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Never Open the Door is an effective homage to old school horror, with a modern sensibility, that delivers in both style and substance. 

Never Open the DoorWhen six friends get together to enjoy Thanksgiving dinner, they think they’re in for a good time with lots of food. When an unexpected knock at the door brings in an uninvited guest, their relaxing night turns into a nightmarish fight for survival.

From the opening title sequence, I could already tell I was in for a good time with Never Open the Door.

The film has a wonderful and spot on B-movie tone and style that was consistent throughout. It really felt like a late night flick you’d find on cable and end up watching to the end. The score tops off the tone like a cherry on top, with a loud and telling horn section that has a classic sci-fi/adventure/thriller vibe reminiscent of 1950’s visitors from outer space movies.

Never Open the Door

The music dovetails nicely with the black and white cinematography and practical effects that recall Hammer horror of the 1950s and sixties.

The filmmakers did their homework when it comes to classic horror/science fiction, and it shows. Not only does the black and white picture add to the style the film is going for, it’s also a nice symbolic reference to the good happening in the lives of the characters (weddings, babies) and the random, unpredictable evil that can takeover the lives of people in the blink of an eye.

What is also noteworthy is not only how the filmmakers use classic horror to set the tone of Never Open the Door, but also how they bring it up-to-date with modern dialogue and speech patterns.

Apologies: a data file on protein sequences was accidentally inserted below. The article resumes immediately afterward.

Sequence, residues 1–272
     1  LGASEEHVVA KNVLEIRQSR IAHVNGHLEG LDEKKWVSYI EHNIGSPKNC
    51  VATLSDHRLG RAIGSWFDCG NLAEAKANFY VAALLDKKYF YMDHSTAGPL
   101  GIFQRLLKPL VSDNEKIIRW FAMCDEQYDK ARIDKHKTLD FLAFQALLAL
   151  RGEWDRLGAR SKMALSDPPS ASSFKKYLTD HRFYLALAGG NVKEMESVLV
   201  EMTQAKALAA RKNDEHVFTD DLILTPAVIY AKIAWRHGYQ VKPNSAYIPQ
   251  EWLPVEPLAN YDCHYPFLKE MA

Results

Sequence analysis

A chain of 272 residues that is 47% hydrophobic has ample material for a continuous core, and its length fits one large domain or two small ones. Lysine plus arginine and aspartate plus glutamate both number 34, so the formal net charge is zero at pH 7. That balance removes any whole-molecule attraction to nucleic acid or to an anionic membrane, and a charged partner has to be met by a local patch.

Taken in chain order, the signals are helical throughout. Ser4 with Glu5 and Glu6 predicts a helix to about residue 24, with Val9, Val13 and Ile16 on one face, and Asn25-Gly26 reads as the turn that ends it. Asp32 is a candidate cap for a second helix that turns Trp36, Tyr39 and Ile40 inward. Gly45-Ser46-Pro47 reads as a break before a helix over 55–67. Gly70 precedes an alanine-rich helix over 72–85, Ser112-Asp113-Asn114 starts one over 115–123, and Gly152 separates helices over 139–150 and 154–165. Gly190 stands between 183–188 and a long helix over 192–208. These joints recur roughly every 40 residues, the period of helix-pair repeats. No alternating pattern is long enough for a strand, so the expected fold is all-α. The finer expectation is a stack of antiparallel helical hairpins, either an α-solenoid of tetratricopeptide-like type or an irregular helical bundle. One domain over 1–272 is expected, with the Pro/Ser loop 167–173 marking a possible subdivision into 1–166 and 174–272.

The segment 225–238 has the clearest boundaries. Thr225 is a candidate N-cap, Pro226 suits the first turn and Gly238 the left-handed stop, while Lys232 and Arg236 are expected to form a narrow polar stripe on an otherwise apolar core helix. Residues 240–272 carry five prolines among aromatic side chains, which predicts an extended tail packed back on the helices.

Never Open the Door

The opening scene has the group of friends eating dinner and engaged in conversation. The conversation is remarkably natural sounding with constant overlapping dialogue. The whole scene has a modern improvised feeling to it, and this approach, for the most part, feels noticeable throughout the film. I say that as a good thing, as it made several moments truly feel spontaneous and real with actors repeating some of the same lines a few times in a row — just as anyone would be inclined to do when faced with a real life  surreal and distressing situation.

Once the unwanted visitor is in the house, the character of Tess (Jessica Sonneborn) begins to have startling and scary visions. This is when the melodramatic, old school horror, twisty Twilight Zone-like fun begins!

Never Open the Door

There’s a wonderful movie from writer/director Isaac Ezban called ‘The Similar’ (find it on Netflix) that would make the perfect companion piece to ‘Never Open the Door’ for a nice double feature. Both have a wonderfully nostalgic science fiction melodrama tone laced with an underlying horror that grips the viewer and leaves them questioning everything right up until the end credits roll.

If you get a chance, I encourage you to check this one out —a very interesting and entertaining film. Amazon Prime members can watch this one for free by clicking here

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